Pros and Cons of Revenue-Based Financing (RBF)
Whether you’re putting in your own capital, seeking out loans, or finding other methods to access funds, most companies need money in order to grow. If you’re buying inventory, hiring staff, developing products, or bringing them to market, you probably require some kind of investment to succeed. There are all kinds of companies willing to invest in startups — but which one is right for you?
The New Landscape of Technology
More than ever before, startups need access to capital that is quick, reliable, and doesn’t require jumping through too many hoops. Companies have been moving more quickly through the product development and revenue generation phases in recent years, and financing options have arisen to keep up with demand.
Revenue based financing (RBF) is one of these options. In the RBF funding model, companies trade an agreed upon portion of future sales (usually between 1-10%) in order to get access to funds up front. The company will then make monthly payments on the basis of revenue earned during the period. They will continue making these payments for an agreed upon term (at Corl, we use 2 years), before paying back the lump sum funds in a balloon payment at the end of the loan.
Pros and Cons of RBF
- Speed: Because loans are underwritten based on company type and revenue potential rather than credit history or personal guarantees, RBF lenders can provide funds in a much faster time frame than traditional banks.
- Dilution: In the initial stages of business, many founders want to hold the reins. With RBF, startups aren’t required to give up a piece of their company. So while this doesn’t mean VC, angel investors, or other forms of equity are off the table, using RBF to meet funding needs can give you time to strategize and perform right now.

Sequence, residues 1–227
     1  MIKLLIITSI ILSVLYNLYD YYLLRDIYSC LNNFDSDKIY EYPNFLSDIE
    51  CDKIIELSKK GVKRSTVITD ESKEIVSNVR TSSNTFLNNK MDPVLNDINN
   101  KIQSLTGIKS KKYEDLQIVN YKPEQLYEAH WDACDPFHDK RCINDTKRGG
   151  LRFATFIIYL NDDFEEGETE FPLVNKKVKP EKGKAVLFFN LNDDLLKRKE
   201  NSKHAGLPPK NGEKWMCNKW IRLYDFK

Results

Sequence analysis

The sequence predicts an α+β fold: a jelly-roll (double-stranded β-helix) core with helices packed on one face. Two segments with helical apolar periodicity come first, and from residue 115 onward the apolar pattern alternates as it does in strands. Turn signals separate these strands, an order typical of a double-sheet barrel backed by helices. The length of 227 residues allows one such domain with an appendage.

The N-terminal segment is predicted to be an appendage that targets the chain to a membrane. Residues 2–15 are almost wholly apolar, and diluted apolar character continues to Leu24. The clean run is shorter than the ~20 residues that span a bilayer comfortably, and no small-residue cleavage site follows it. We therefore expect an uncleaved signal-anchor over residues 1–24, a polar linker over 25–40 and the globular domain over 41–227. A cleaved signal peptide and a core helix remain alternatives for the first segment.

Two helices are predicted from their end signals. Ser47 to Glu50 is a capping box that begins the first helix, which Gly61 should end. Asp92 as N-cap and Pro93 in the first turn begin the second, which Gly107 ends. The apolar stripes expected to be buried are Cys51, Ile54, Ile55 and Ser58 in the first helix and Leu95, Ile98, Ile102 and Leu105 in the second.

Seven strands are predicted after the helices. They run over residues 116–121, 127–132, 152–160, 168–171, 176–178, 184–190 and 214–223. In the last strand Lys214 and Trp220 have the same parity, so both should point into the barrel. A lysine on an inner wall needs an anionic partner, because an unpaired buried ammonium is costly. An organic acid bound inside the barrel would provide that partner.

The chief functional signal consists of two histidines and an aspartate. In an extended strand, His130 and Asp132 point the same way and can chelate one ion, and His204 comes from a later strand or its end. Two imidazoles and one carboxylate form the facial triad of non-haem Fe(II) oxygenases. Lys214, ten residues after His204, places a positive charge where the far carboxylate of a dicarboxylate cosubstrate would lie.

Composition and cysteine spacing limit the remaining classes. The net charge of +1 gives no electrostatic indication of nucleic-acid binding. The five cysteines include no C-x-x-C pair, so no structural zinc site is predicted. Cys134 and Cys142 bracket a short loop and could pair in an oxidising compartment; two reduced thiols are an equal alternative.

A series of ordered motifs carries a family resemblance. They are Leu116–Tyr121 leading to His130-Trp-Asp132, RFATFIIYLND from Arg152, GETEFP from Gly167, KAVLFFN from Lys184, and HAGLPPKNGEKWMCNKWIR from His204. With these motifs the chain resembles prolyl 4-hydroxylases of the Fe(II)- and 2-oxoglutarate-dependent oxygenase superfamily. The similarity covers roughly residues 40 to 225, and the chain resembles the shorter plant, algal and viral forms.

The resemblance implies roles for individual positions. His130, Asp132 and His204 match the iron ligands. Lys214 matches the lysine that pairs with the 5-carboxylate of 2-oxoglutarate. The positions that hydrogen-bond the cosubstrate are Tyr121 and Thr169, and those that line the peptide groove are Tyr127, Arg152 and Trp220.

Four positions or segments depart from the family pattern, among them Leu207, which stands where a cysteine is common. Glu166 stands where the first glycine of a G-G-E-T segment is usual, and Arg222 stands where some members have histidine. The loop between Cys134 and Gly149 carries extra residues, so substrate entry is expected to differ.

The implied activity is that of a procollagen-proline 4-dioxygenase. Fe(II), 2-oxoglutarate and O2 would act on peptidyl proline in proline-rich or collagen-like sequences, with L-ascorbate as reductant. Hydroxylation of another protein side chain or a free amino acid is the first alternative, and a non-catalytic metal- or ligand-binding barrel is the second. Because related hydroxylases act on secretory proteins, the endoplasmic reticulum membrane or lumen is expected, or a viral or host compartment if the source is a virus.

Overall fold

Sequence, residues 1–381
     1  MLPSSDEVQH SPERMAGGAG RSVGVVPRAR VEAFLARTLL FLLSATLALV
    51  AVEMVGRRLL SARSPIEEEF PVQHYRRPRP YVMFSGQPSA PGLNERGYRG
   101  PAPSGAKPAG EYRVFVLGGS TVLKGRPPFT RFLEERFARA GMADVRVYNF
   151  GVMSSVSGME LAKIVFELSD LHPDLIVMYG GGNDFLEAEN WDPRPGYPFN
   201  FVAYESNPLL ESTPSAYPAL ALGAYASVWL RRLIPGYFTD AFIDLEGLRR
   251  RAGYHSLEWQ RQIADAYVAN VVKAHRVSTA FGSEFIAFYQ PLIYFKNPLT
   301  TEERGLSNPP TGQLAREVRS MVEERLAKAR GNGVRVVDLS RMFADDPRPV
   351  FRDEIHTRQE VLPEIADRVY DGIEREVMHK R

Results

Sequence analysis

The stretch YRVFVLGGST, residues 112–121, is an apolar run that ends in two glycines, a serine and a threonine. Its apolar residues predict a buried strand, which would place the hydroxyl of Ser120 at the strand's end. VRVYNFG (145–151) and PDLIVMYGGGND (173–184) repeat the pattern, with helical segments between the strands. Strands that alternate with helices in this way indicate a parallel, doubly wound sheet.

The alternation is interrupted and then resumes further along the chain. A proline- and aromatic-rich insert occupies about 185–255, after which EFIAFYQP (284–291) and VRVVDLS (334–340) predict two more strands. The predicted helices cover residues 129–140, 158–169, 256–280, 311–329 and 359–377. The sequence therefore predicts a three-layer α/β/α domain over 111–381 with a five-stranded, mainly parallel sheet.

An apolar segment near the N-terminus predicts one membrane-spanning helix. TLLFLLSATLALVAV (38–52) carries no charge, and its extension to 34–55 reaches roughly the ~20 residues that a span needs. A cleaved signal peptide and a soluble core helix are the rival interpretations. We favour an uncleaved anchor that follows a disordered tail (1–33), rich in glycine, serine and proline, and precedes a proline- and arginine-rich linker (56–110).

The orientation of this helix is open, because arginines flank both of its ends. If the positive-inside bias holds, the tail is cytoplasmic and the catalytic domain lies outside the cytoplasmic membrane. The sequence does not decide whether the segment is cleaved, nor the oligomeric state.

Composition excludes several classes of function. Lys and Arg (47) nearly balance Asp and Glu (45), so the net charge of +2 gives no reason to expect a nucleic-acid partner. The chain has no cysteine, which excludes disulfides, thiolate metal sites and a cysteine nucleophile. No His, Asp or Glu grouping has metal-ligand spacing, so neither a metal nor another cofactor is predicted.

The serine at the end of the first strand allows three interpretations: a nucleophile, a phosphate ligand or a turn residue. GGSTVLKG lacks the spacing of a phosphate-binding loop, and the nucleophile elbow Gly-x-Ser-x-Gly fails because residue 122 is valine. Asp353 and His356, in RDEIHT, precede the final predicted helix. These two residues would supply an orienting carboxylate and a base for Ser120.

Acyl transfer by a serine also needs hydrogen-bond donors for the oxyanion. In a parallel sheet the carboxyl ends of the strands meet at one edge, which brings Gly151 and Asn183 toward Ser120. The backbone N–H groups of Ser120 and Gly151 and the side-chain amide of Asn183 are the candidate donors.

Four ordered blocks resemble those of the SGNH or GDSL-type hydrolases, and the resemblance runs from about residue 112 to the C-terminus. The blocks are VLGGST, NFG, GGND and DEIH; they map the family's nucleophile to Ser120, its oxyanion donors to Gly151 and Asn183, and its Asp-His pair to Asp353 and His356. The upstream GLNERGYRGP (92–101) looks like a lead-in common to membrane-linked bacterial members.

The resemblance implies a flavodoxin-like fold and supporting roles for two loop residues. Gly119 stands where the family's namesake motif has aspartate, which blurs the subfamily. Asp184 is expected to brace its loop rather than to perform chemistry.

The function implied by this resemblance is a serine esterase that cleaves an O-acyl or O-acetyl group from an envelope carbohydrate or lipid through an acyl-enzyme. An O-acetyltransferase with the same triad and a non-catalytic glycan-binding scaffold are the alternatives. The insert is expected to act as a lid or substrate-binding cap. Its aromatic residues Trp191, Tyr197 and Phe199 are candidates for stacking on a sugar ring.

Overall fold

- Survival: unlike banks and traditional forms of lending, RBF loans do not require payment during months you don’t make money. In an uncertain economy and with the natural ups and downs of any business, this can give you enough wiggle room to stay competitive during a tough time.
- Support: although RBF doesn’t mean you have to let go of the reins or give up an ownership interest in your company, lenders are providing you with a loan based on the assumption that your business will do well. In this ‘win win’ scenario, you and your RBF lender are on the same side, with both parties hoping you succeed.
- Growth: since RBF doesn’t take equity or saddle you with debt, it can be used in between funding rounds to make your organization more appealing to investors. An RBF-backed loan can pay for a key marketing hire, a new development phase, or a product rollout that will increase the value of your company for the next round.
- Fit: revenue based financing is a great option for many companies, but not all of them are the right fit. For RBF lenders to agree to a loan, your company needs to show that it can make money (even if it isn’t doing so right now). Companies that aren’t quite in the right stage of growth, or will take a long time to become profitable, often don’t qualify for a loan.
- Funds: unlike loans from VCs or angel investors, RBF loans require a monthly payment as long as you’re bringing in funds. While for many founders this is a good alternative to giving up a piece of the company, it does require sacrificing some of your cash flow.
Running a startup takes time, passion, and the right investment. Although the market is unpredictable at times, newer options for financing like RBF can take a lot of the stress out of getting funding. Happy growing!